About Me

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I started this blog as I entered my 40th year, and now firmly in my 40s, I continue to learn so much about life. I'm learning that life rarely goes according to plan and that there's something new to learn every single day, be it a subtle nudge or a smack in the face.... This is my blog about muddling through my 40s-working hard, writing a book, being an ammateur photographer, trying to exercise and eat well, endeavouring to be the world's best aunt, as well as having fun and laughing out loud every single day.

Friday, June 28, 2013

#14 Gratitude

One of my friends, Carla, has been writing a daily Facebook post on what she is grateful for.  Just recently, she wrote about how grateful she was to feel well and healthy, stating that it is usually when she is unwell, that she remembers to be grateful for feeling good.

Since recovering from cancer, or more importantly, chemotherapy, it has been relatively easy to embrace feeling good.  Even throughout treatment, perspective of what it meant to feel good changed.  When you can go days without being able to lift your head off the pillow, being able to move your weary body from the bed to the arm chair for 30 minutes can seem like heaven on Earth.

Imagine what it must be like to fully recover from the damaging effects of chemotherapy!  You feel completely invincible and so, so grateful for every second and ounce of energy you have.

This week I had a reminder of what feeling unwell was like.  I have been unlucky enough to catch this monster cold/flu that is going around and actually had the whole week off work to recover!  Taking time off work does not sit well with me.  I don't think I even took a week off at a time through chemotherapy, much less for a common cold, but this week I needed to.

Up until today I forgot what it was like not to have aching bones and joints or a throbbing head.  I couldn't sleep and I couldn't taste anything, not that I had much of an appetite anyway.  But today, my head felt clearer, and my headache went away with some aspirin and I had a reprieve.  What a relief.  Oh the joy of feeling (relatively) well again.

I am filled with gratitude.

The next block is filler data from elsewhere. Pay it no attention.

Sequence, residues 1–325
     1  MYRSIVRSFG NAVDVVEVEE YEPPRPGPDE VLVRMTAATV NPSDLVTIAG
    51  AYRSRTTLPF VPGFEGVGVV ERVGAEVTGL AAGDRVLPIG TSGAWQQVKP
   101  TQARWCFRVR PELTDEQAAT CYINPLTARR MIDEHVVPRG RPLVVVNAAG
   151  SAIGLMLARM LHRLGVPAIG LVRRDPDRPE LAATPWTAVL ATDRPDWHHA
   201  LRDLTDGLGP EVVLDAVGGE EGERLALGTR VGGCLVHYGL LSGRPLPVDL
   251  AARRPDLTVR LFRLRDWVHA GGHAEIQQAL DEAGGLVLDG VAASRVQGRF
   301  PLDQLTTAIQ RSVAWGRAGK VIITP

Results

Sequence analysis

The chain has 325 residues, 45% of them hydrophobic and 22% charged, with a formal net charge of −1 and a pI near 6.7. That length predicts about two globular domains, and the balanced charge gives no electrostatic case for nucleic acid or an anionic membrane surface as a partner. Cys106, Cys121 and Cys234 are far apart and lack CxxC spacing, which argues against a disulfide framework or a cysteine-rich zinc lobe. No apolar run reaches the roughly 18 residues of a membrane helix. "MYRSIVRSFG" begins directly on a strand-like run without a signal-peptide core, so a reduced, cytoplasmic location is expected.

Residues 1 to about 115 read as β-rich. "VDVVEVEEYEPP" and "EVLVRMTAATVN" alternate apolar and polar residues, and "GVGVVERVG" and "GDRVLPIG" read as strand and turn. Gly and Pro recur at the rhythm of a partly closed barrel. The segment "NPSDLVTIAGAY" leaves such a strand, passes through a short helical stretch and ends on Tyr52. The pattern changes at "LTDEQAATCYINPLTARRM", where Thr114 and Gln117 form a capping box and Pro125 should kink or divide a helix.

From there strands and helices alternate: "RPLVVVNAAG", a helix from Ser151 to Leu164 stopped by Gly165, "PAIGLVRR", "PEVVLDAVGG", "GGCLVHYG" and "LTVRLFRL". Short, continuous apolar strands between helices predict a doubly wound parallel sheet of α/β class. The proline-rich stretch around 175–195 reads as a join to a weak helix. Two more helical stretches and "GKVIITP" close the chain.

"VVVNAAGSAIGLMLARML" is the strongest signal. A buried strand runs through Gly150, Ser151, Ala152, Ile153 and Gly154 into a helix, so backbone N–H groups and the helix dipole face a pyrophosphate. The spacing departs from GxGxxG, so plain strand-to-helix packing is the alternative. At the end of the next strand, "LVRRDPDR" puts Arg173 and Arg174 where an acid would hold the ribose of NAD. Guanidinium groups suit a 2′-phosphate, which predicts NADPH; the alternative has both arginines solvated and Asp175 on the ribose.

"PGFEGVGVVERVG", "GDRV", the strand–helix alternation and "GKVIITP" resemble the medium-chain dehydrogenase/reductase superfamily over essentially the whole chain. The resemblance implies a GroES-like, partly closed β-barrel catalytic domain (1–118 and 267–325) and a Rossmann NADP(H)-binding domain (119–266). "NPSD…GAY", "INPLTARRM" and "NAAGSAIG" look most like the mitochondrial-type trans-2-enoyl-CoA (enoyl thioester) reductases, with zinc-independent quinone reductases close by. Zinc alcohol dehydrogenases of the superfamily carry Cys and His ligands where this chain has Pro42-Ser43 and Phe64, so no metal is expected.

Sunday, June 16, 2013

#13 Scrivener and the Scaredy Cat

This week when I picked up my nephews from school, I became the victim of that familiar childhood taunt "Made you look, you big fat chook, hanging on the butcher's hook".  They thought it was hysterical.

It reminded me of another childhood song we had:

"Scaredy cat from Ballarat
Went to school and got the strap...."

Which brings me to the topic of today's post.  I am indeed, despite my Leoness-ness, a scaredy cat.  What am I scared of?  I'm not sure it's any one thing, but the likely candidates are: hard work; being overwhelmed; not knowing where to start; and perhaps even that old gem, failure.

When I'm scared, I procrastinate and that's exactly what I have been doing since finishing my last writing class.  Procrastinating. 

Until today.

Armed with my cup of tea, the print-outs of all 24 assignments I've written in the Literary Kitchen and not to mention Scrivener, I have started organising my book - ready to write draft 2.

Scrivener is a software program I have downloaded for a free trial.  It's a virtual binder/cork board/note book that allows you to take the first draft of your manuscript and begin to format and organise it into something more.  For the next step in the process.

I have to say I'm finding it incredibly user friendly.  It has allowed me to take chunks out of existing chapters and move them around freely within my 'binder' - much more user friendly than a Word document.  I have even been able to separate my book into sections and chapters.  Scrivener even allows me to see how often I use particular words!

This is particularly useful to me as my writing friends often pointed out my overuse of the word "was".  It's incredible how annoying that word becomes once you are made aware of its presence.

So, I am ready.  Ready for Draft 2.  Encouraged as ever by everyone I love, and especially by my new writing family. 

Here we go!

Friday, June 14, 2013

#12 Salsa, Ricky and Sue Mc

Is time really passing by faster than it used to?  It sure feels like it.  How is it we are already in June of 2013?!